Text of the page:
Lana and I had an interesting discussion yesterday about our musical tastes. Hers are much more eclectic than mine. She likes Metallica and Frank Sinatra, Barry Manilow and Motley Crue. I hesitate to say it, but she also likes some….disco. Me? I like hard rock and heavy metal. And that’s pretty much it.
In our discussion yesterday, I had a bit of an epiphany about my own musical tastes. That is, I like music that is heavy on the music, and I don’t care about the singing. Lana appreciates both aspects of music, but—for me—the singing is simply…meh. I won’t listen to music just for the sound of the singer’s voice. The music itself has to be catchy and, generally, full of energy and intensity.
I’m going to link to some examples to illustrate my points. First up is “Rolling in the Deep” by Adele. I’ve listened to this song several times with Lana and apparently I always say I like it. However, I never seem to remember it next time Lana mentions it, as she did yesterday. So I went and listened to it with my new thoughts on the subject. It’s a good illustration of my point. First let me say, I really like the singer’s voice modulation in this song. However, “Rolling in the Deep” is about the singing, not the music. In fact, to me, the music is virtually non-existent, and is not really important to the effect of the song. It’s all about the voice.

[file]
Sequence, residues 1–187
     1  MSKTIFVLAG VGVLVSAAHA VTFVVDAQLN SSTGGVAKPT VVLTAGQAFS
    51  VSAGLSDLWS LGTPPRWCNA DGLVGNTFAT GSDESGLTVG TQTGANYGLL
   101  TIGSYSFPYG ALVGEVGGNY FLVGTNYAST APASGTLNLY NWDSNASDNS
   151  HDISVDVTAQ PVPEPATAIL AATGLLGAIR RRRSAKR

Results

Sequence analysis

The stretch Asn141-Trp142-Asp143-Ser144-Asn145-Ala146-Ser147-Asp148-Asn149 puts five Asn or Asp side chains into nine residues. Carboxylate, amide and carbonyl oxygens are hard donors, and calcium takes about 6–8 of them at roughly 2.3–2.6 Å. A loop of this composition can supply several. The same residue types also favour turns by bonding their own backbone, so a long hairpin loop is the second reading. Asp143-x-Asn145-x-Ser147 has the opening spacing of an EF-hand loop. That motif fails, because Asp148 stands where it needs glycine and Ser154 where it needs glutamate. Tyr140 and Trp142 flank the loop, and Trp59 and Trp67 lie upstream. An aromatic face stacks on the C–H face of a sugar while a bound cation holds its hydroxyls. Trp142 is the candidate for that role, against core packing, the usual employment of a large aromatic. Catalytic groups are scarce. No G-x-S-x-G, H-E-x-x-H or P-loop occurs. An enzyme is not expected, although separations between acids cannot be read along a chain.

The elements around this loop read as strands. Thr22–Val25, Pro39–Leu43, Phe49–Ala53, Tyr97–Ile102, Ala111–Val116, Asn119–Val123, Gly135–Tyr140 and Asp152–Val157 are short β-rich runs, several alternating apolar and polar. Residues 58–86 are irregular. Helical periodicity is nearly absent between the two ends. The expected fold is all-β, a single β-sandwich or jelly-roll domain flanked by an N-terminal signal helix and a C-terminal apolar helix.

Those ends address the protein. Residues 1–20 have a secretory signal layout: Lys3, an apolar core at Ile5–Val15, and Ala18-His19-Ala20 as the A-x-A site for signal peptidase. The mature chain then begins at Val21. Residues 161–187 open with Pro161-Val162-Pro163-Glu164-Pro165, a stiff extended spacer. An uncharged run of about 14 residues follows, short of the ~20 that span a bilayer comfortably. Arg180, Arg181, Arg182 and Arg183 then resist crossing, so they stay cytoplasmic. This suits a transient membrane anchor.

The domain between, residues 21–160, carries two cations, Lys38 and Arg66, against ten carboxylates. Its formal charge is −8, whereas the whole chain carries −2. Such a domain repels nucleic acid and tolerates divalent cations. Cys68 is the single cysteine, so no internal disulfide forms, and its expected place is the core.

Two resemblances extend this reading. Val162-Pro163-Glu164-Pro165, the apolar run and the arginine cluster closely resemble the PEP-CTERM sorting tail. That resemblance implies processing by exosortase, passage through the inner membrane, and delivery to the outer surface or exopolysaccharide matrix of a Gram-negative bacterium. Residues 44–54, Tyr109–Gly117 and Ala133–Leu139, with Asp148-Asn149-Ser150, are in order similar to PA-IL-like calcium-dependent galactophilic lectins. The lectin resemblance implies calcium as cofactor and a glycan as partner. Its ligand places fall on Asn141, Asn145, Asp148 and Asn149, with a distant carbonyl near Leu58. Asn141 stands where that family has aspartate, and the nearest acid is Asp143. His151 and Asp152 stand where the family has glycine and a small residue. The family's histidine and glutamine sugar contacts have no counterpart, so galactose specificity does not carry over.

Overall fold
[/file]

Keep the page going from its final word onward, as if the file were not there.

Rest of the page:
In contrast, after watching the Adele video, I felt a need for some heavier stuff. I called up “Albatross” by Corrosion of Conformity. Instantly, a surge of energy swept through me. I became aware of my heartbeat, of the taste in my mouth, of the way my eyes moved in their sockets. My fingers started to drum. Other than the word “albatross,” I scarcely know what the singer is saying in this song. Nor do I care. This song is about the music. The voice is a compliment at best.
I decided to give another work a listen, and chose “Angel” by Sepultura, which is a remake of a Massive Attack song. The music here starts out very slow. It’s almost non-existent, much like in the Adele song. First there are just the words of the singer. But then the music starts to build, it starts to hammer, it starts to scream. My scalp tingles. My body flushes hot and cold. I didn’t see them but I know my pupils dilated. The voice of the singer is mostly just a shriek now. There’s no Adele level modulation of the voice. In fact, half the time he isn’t singing real words. I don’t care. This is what I listen to music for—the power and the glory.